Online criminals dropping Bitcoin for other cryptocurrencies

The inefficiencies of Bitcoin protocols are making it lose one of its oldest type of customers: online criminals.

This is due to its taking too long to process transactions, high transaction fees and volatility in prices says a report released by legal firm Chainalysis. Also, these customers are leaving to more private cryptocurrencies that offer better user experience.

The report says that the proportion of Bitcoin transactions associated with “dark web” sites has fallen from 30 percent in  2012 to under 1 percent in 2017. However, the value has increased, with $660 million of Bitcoin being sent to darknet markets in 2017.

Transactions fell by two thirds between May and July 2017 as law enforcement closed the largest darknet markets.

Dark webs are secure untraceable sites, but also which make it possible for criminals to engage in criminal activities. Even currencies like Monero, Dash, and Zcash are termed as the dark web for their strictness in user privacy and security. They offer faster and cheaper transactions and extra layers of intimacy that make it difficult to track Bitcoin.

Also Read: Cryptocurrency Culture still strong In Cambodia, Despite Distrust From National Bank

Indeed, ZDNet published a report detailing that High Bitcoin fees and slow transactions were causing crooks to move to Monero. Even ransomware operators who hijack and freeze victim’s computers demand payment are doing so.

ZDNet writes,

“Instead of being provided with instructions on how to buy bitcoin—which, thanks to its popularity, might now prove cumbersome—it’s likely cybercriminals will soon be providing their ransomware victims with instructions on how to buy and exchange Monero”.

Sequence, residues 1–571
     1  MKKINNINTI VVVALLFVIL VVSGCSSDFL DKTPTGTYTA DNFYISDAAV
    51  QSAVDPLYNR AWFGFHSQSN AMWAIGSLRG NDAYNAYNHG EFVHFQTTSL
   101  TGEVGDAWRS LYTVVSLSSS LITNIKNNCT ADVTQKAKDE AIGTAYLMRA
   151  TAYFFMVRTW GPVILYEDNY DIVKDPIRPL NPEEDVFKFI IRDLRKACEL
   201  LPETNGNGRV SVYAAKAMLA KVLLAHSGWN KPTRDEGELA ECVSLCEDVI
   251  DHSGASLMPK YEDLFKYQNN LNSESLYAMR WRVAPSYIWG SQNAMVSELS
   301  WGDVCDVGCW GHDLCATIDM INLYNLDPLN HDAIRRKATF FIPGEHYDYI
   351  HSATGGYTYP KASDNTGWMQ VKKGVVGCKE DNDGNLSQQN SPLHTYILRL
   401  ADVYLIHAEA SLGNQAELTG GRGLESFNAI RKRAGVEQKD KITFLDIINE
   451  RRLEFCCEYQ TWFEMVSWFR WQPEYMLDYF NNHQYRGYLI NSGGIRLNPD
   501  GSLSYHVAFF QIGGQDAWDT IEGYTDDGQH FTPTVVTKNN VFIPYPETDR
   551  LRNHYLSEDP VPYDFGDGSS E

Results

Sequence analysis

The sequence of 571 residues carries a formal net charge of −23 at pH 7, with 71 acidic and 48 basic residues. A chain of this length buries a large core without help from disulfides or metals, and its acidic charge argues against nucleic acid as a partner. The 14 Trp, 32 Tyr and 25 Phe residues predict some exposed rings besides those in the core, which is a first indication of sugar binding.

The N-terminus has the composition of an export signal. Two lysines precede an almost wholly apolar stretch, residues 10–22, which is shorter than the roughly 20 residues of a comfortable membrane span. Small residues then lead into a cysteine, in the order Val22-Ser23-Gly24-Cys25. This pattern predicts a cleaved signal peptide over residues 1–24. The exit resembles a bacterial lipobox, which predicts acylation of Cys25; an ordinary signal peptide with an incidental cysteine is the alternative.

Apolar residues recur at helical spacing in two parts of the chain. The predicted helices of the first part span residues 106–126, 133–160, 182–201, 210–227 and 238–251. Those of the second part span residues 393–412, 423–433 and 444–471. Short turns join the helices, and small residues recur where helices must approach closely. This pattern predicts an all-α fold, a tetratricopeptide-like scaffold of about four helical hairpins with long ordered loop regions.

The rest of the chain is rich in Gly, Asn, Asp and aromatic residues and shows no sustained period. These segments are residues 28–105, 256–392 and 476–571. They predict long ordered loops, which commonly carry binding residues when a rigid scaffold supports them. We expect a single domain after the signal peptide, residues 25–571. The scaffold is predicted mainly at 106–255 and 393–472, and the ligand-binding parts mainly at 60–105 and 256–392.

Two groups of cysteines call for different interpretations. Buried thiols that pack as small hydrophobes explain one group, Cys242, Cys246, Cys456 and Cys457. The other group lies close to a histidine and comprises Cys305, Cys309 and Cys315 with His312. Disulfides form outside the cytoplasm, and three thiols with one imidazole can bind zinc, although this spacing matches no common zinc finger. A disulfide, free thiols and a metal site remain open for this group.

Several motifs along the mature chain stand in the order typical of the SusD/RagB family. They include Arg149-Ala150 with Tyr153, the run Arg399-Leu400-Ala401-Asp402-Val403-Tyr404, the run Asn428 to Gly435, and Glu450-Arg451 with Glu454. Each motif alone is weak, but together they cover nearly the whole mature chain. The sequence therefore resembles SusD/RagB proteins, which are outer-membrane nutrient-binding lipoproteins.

The fact that criminals are moving away from using Bitcoin protocol does not mean that they are no longer stealing Bitcoins. In fact, at least $172 million worth of Bitcoin between 2013 and 2017. This figure was arrived at by using Bitcoin prices at the dates of the hacks.

Chainalysis reports,

“We find that theft of Bitcoin has risen from at least $3 million in 2013 to $95 million in 2016”.

Chainalysis report notes that theft of Bitcoin through scams, ransomware, and hacks. It is increasing from at least $3 million in 2013 to $95 million in 2016.

The drop in Bitcoin transactions in dark websites cited by Chainalysis is caused by many people. Since who are choosing to hold cryptocurrency than spend it.

Use of dark web in criminal activity is likely to continue this year according to Executive Director of Europol, Rob Wainwright.

Wainwright on Twitter said,

“We’ll see a progressive shift in 2018 towards the criminal use of cryptocurrencies other than Bitcoin. Thus, making it more challenging for law enforcement to counter”.

But critics will cite the fact that the total value of crime in cryptocurrency and blockchain platforms is tiny. Indeed tiny compared to the amount of offense involving fiat and fiat systems where every transaction. Thus, owners of accounts can be tracked for free.

Read Next: IMF wants regulators to coordinate globally on cryptocurrencies

It is unlikely that law enforcement agencies, which have largely failed to end crime within fiat systems. Although open theft and drug dealings will stop corruption in cryptocurrencies.

Fiat, in general, has fueled crime more than cryptocurrencies even for the stated period. Hence inaction, laxity and corruption and vested interests lie at the door of any law enforcement.

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David Kariuki is a journalist who has a wide range of experience reporting about modern technology solutions including cryptocurrencies. A graduate of Kenya's Moi University, he also writes for Hypergrid Business, Cryptomorrow, and Cleanleap, and has previously worked for Resources Quarterly and Construction Review magazines.

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